Just want to add a bit about the word "Punk" question. The final resting place for punk, the final irony of the word's gestation and mutation, is that its connection to the outlaw/outsider vibe is now inverted and perverted, as Green Day has taken the word full circle, from outsider status to now describing a band who is as big an insider as anyone in the music biz.

Well they suck. I wouldn’t give them a chance to bore me. But that’s why God gave us memories and recording studios--that we might have roses in winter and Dictators' music after breakfast.

Sunday, July 18, 2010

Hank Magitz and Adam Austin

Hank Magitz and Adam Austin appeared today at TimeWarp Comics and Games in Cedar Grove, NJ. Two people actually showed up specifically to see Magitz. They said he owed them money.

Friday, July 16, 2010

Gene & I Are Signing (and we're not even blind)

Gene Colan and I (really Gene) will be signing books this Sunday at Time Warp Comics & Games, 555A Pompton Ave., Cedar Grove, NJ, from 12 to 3 pm. If you're in the neighborhood, please stop by. I'm the one with the hat.

We Get Letters...

...and some of them are rather nice.

Cliff, on behalf of the creative community, let me be the zillionth to thank you for the great care and Ellison-level protectiveness you've shown to the giants. Kudos. --Mark Waid

Tom Palmer (Quietly) Breaks His Silence

One of the great unsung heroes of the Marvel Age of Comics, Tom Palmer has humbly contented himself with taking almost a backstage role in co-creating some of the finest comics we’ve seen. And it dawns on me that the inker’s job in comics is not unlike the bassist in rock and roll; when it’s done right, it’s almost silent; when wrong, it’s glaring.

I speak with Tom on odd occasions. The first time, decades ago, he was delivering a freelance assignment to Tom Phon, the art director at Electronic Design magazine in Hasbrouck Heights, New Jersey, where I was starting my career as a staff editor and writer. I just happened to come across his name on some art credits.

“There was a Tom Palmer who worked in comics,” I said to Phon.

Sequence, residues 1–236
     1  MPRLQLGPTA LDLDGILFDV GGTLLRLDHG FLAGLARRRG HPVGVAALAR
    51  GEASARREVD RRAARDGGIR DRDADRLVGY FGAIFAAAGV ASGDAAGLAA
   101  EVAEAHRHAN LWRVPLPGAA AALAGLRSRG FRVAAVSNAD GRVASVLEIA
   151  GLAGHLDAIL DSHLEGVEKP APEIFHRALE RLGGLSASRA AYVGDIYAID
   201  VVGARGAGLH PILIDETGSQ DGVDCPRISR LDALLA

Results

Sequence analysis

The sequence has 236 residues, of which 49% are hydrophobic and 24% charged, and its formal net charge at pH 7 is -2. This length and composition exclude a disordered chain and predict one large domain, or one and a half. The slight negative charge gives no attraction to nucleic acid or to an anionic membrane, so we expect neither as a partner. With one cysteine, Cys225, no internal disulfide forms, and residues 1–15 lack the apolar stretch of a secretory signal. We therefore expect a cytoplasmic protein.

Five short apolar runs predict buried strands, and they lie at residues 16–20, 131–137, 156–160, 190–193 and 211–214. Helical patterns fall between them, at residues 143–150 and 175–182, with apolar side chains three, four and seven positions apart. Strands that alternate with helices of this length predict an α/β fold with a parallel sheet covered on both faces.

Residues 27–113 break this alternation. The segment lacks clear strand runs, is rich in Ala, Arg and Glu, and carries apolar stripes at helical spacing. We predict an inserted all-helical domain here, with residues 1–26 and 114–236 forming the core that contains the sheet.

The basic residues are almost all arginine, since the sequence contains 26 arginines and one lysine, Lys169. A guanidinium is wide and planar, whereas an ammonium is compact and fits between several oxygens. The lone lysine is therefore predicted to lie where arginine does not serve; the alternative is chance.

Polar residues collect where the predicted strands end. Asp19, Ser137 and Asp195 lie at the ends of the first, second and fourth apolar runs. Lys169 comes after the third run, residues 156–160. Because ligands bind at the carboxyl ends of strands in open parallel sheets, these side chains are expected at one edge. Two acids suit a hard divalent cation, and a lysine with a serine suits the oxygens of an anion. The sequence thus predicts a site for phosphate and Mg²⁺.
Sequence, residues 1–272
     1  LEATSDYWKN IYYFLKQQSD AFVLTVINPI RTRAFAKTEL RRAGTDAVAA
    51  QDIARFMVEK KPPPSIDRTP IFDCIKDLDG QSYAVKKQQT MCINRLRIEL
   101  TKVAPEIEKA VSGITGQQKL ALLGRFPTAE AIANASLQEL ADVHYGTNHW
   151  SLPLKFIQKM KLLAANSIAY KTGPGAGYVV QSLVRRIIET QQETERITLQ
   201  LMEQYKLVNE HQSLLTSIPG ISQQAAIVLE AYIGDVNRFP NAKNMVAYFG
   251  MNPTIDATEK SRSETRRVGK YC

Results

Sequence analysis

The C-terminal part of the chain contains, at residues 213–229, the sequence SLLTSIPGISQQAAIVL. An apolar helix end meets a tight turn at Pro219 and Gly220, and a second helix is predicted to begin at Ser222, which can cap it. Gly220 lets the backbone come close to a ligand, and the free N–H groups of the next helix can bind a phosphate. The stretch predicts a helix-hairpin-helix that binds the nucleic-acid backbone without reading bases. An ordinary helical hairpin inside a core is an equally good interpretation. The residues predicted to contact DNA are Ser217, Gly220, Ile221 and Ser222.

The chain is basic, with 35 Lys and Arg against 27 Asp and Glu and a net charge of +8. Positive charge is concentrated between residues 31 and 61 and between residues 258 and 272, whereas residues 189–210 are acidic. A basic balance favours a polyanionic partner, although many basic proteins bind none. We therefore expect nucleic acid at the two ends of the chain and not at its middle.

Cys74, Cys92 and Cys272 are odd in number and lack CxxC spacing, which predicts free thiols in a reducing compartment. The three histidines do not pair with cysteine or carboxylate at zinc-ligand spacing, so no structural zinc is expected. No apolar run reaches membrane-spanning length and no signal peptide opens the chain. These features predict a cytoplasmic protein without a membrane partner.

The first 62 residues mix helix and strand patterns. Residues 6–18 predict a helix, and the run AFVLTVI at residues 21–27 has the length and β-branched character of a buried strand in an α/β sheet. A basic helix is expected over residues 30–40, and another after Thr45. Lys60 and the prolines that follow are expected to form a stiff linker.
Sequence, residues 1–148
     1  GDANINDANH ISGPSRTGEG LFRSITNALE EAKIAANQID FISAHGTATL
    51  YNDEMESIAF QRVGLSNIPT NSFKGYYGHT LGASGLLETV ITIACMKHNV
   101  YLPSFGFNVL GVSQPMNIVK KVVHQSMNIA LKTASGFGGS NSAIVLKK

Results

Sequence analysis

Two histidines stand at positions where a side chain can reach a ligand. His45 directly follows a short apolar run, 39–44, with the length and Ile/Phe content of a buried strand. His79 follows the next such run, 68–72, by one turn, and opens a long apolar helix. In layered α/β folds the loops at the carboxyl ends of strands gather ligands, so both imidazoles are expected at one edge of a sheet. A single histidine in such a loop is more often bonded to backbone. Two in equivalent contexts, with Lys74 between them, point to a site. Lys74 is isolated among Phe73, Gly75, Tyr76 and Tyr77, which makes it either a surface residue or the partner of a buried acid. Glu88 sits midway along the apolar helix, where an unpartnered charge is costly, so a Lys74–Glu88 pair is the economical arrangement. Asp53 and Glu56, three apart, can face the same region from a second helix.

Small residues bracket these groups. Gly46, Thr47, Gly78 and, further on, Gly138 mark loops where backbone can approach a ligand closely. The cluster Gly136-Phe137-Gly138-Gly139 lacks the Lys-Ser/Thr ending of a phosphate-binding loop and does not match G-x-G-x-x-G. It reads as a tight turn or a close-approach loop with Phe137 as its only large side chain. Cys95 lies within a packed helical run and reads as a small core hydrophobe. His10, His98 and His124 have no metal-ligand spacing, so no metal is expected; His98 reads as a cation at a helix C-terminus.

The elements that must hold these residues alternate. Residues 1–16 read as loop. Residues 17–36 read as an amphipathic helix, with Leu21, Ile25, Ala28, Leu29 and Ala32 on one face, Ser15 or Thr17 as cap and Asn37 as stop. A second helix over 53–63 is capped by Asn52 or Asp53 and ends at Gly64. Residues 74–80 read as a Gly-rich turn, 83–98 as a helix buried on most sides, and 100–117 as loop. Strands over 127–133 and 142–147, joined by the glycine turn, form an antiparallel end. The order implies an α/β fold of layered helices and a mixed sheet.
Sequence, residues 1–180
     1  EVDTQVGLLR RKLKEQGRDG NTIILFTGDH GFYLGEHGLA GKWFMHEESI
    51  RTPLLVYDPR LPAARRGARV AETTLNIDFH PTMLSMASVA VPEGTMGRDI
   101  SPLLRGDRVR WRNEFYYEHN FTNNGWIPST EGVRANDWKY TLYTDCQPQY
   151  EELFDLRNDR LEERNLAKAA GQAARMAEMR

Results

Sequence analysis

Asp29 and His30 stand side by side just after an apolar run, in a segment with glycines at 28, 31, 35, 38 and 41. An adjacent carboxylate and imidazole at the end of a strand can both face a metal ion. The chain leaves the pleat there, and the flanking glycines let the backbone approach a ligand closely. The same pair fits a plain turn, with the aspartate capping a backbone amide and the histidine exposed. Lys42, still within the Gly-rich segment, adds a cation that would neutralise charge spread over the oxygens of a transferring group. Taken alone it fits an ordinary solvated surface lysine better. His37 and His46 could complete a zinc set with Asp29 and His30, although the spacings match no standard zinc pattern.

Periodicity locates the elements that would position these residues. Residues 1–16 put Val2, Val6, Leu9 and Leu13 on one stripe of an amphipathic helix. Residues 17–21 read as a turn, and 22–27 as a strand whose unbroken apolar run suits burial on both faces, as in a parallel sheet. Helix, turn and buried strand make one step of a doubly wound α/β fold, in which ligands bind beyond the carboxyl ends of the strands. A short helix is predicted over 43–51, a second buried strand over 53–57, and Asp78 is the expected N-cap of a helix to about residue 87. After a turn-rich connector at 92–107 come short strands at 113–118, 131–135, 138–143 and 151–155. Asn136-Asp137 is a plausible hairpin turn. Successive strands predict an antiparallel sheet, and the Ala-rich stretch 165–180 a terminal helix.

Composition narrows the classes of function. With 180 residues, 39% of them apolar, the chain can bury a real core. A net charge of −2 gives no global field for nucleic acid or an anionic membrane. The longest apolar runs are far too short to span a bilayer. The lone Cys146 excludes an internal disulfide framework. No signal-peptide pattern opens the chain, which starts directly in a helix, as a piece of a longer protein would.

“Same guy,” he said.
When I got up off the floor, I asked for an introduction. Several months later, the Toms and I lunched.

Tom Palmer's name has continued to come up in conversation—with Gene Colan, with Neal Adams, and with my friend the late John Buscema—so often, in fact, that I probably feel like I’ve spoken to Tom more than I really have. I have a lovely Avengers pages he gifted me with that hangs in my family room. That’s been the source of many conversations, too.

Today, I asked Gene and Neal about Tom again, for the benefit of a panel discussion that my new friend Mark Waid is hosting at San Diego ComicCon. Gene was particularly gushing:

Tom Palmer was really the only inker who made something of my work. From the moment that I saw his inks I saw what great painting skills and art skills he had. He really made me look good and I just loved his stuff.

As we worked together, we became friends and we still are. He was always very easy to talk to. He has a simple way of reaching you that’s hard to explain. Whenever he calls or I call him, we get lost in conversation about life and about art. I’ve learned so much from him.

My favorite inker? Tom was the only one. Al Williamson was really great, too, but Tom is special. He is a complete artist.
Anticipating my forthcoming ComicBook Babylon (Aardwolf Publishing, 2011), it occurred to me that Tom is only barely mentioned in there. Another crime I don't need to be prosectuted for. So I asked Tom for a sit down sometime over the next few weeks. And in my emailed note, I foolishly assumed he was retired and basking in the New Jersey too-hot sun ever-after.

I'm still doing a few books for Marvel and just starting on the new Kick Ass series with John Romita Jr. and Mark Millar, which involves a more finished halftone art and is time consuming; only finished the first four pages of issue #1 and miles to go! I have three painting commissions waiting and luckily the clients are patient and willing to wait until I get to them. Don't know if I've ever heard of an artist retiring and kicking back; think you only start to get good after age 50 and hit your stride around 90. I don't play golf either.
Stay tuned. Following SD ComicCon, Tom will have more to say here about something or another.

We Get Letters: The Invincible Gene Colan errors

Dear Cliff,